With the death of South African revolutionary icon Nelson Mandela, outside analysts and locals alike are expressing fear of a coming genocide of European-descent Afrikaners.
So significant is the threat in South Africa, some genocide experts are urging Afrikaners to consider fleeing their homeland.
Dr. Gregory Stanton, head of Genocide Watch and a man who himself fought against the apartheid system, warned as early as last year that South Africa was at Stage 6 out of 8 on the road to genocide: the planning and preparation phase.
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"There is thus strong circumstantial evidence of government support for the campaign of forced displacement and atrocities against white farmers and their families," said Stanton, after a fact-finding mission to South Africa last year. "There is direct evidence of government incitement to genocide."
In an e-mail to a prominent Afrikaner monitoring the dangers, Stanton emphasized that Genocide Watch had raised the Genocide Stage level for South Africa to Stage 6 based on "evidence that the murders of Afrikaaner farmers and other whites is organized by racist communists determined to drive whites out of South Africa, nationalize farms and mines, and bring on all the horrors of a communist state."
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Moments after Mandela's death was announced last week by current South African President Jacob Zuma, threats of killings and mayhem began appearing online.
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Sources from South Africa told WND – and reporters on the scene confirmed – residents in many areas began taking up the traditional, so-called "struggle songs," which sing not just of liberating the black population, but pledge the mass-murder of whites. There are many songs and variations on them, but among the most common themes are "kill the Boer, kill the farmer," "bring me my machine gun" and similar genocidal topics.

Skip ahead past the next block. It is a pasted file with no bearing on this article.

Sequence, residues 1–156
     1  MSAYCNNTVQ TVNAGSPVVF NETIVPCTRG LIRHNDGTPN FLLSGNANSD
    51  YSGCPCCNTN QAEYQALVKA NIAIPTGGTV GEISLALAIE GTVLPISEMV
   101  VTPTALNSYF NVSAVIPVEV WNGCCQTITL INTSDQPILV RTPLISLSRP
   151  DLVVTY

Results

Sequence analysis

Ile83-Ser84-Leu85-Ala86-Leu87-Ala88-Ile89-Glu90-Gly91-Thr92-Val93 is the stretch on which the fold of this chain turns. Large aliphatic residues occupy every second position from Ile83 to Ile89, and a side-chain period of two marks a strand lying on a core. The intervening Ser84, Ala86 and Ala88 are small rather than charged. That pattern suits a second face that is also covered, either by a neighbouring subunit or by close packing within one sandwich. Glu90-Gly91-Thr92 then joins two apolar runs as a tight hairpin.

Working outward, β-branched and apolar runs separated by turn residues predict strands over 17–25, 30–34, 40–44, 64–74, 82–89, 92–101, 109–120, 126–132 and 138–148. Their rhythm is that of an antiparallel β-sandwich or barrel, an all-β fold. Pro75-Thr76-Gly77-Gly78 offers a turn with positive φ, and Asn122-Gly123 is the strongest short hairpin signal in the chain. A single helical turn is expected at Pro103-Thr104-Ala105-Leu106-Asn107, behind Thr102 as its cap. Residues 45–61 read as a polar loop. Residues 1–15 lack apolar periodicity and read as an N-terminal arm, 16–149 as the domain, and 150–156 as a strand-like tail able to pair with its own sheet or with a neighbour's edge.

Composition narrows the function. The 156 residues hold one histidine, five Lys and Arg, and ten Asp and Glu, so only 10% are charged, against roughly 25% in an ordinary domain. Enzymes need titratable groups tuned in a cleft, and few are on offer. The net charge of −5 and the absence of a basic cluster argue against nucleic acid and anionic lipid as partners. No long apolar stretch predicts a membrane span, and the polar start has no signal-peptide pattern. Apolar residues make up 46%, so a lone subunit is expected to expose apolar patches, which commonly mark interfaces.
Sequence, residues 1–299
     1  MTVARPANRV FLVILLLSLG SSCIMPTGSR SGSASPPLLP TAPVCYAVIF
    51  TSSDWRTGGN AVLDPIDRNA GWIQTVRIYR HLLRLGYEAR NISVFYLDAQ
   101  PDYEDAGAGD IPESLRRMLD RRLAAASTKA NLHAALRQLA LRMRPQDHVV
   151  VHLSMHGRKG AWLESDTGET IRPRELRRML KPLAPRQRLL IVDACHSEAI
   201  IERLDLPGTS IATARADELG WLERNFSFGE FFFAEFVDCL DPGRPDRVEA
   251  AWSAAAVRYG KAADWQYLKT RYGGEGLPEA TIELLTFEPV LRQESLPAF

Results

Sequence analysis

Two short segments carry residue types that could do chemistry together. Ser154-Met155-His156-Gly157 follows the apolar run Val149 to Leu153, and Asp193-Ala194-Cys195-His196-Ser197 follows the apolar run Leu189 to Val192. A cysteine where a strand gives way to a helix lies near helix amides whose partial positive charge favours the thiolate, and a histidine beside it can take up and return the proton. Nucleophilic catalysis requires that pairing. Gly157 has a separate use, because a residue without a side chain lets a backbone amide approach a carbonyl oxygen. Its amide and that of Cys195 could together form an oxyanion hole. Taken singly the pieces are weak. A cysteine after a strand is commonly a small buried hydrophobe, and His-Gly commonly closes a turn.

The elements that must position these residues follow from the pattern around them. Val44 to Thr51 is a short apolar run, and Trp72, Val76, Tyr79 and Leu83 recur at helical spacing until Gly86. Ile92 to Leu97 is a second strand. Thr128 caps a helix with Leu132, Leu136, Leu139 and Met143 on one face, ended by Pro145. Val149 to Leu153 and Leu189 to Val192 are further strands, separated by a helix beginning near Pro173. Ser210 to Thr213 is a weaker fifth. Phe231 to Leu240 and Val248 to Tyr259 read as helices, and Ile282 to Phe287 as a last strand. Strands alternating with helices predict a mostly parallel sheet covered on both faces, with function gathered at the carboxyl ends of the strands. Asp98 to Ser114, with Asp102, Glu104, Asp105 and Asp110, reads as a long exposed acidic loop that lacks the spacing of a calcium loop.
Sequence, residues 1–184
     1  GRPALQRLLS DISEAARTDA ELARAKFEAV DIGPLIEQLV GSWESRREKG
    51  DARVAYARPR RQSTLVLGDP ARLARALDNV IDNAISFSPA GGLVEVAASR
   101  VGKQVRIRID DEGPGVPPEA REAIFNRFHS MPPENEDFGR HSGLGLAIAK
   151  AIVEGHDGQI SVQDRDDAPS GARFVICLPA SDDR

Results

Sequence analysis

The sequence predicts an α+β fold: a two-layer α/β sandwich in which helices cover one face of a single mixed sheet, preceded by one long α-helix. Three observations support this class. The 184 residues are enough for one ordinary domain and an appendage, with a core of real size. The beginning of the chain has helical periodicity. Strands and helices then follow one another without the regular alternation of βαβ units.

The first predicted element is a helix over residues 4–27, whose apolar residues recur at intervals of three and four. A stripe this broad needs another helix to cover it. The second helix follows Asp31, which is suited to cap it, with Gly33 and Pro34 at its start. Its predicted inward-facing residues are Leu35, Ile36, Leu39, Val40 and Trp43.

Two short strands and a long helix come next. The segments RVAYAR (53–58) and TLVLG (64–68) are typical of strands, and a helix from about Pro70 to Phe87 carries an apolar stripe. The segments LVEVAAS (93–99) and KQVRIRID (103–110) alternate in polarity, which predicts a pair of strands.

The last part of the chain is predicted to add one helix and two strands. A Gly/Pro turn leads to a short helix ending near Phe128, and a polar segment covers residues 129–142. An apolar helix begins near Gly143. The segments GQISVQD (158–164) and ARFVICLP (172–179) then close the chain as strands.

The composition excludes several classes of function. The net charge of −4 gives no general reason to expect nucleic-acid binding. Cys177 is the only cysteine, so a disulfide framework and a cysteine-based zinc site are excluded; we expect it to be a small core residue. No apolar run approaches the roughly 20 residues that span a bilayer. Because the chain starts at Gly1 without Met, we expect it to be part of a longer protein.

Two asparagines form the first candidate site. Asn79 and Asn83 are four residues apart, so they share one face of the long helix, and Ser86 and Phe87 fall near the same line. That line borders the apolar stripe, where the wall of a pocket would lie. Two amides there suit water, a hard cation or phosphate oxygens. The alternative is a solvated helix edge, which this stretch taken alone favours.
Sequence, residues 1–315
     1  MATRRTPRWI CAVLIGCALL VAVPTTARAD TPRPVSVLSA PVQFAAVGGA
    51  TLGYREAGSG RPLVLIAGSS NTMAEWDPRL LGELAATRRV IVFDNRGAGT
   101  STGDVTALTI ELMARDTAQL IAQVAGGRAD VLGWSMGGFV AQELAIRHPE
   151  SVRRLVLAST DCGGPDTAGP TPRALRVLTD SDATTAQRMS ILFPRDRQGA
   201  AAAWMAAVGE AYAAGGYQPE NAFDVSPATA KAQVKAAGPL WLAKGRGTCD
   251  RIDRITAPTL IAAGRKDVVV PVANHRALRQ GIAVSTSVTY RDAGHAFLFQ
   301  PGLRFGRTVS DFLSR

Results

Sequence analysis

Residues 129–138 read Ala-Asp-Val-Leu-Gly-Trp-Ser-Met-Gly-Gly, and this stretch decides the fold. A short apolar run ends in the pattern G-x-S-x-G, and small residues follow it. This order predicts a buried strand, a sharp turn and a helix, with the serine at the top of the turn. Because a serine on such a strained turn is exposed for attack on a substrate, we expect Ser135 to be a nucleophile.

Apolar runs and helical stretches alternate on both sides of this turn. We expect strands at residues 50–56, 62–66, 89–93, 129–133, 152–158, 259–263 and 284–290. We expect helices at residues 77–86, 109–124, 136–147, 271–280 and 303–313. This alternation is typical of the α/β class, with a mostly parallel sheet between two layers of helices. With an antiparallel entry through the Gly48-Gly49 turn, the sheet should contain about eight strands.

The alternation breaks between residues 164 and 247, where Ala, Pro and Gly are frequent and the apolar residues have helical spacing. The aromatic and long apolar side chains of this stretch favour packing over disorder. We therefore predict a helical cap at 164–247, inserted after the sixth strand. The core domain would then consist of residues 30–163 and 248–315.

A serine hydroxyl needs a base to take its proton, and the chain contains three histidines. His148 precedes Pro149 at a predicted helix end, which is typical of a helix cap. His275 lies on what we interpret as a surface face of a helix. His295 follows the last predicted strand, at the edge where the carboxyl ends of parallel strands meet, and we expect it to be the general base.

While officially considered "hate speech" – even incitement to genocide – the songs advocating the mass-murder of European-descent South Africans were popular with Mandela and remain a regular feature of politics. Even the current president, Jacob Zuma, regularly sings the songs at political rallies.
Often dismissed as just old "struggle" songs, even by many Afrikaners, experts have long warned that such rhetoric can easily contribute to atrocities.
In South Africa, some Afrikaners are on edge, too.
"It sounds more like a war cry than anything else," said South African analyst Jacques Maré, who describes himself as a minority-rights activist. "The atmosphere is charged."
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"The mood of the crowd in the township seems to be excited, unlike the somber emotions one would expect," Maré told WND as he monitored developments intently from Pretoria. "It is going to be a difficult and uneasy time for the ethnic-European minority of South Africa."
Night of the long knives?
For years, significant segments of all race groups in the "rainbow nation" of South Africa have feared that after the passing of Mandela, a shadowy plan to slaughter Afrikaners dubbed "Uhuru," or "freedom," could be set in motion.
The alleged genocidal scheme, sometimes referred to as the "night of the long knives," is back in the global headlines as reporters from Britain to the United States describe the fears of South Africa's whites, who now make up less than 10 percent of the population.
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A report published by the London Guardian referred to it all as an "urban myth," but acknowledged that the fear remains in some segments.
"They always talk about the night of the long knives. We're quite scared about it," preschool teacher Madeleine Prollus was quoted as saying. "Mandela was always the one who said he wouldn't allow it to happen, but now he's gone."
Another South African quoted in the report said his children were worried that 10 days after Mandela's death – the eve of the Blood River anniversary – the situation would turn "bad."
Whites were hardly the only ones expressing concerns.
"It's not going to be good," 28-year-old Sharon Qubeka, a secretary from Tembisa township, told Reuters. "I think it's going to become a more racist country. People will turn on each other and chase foreigners away."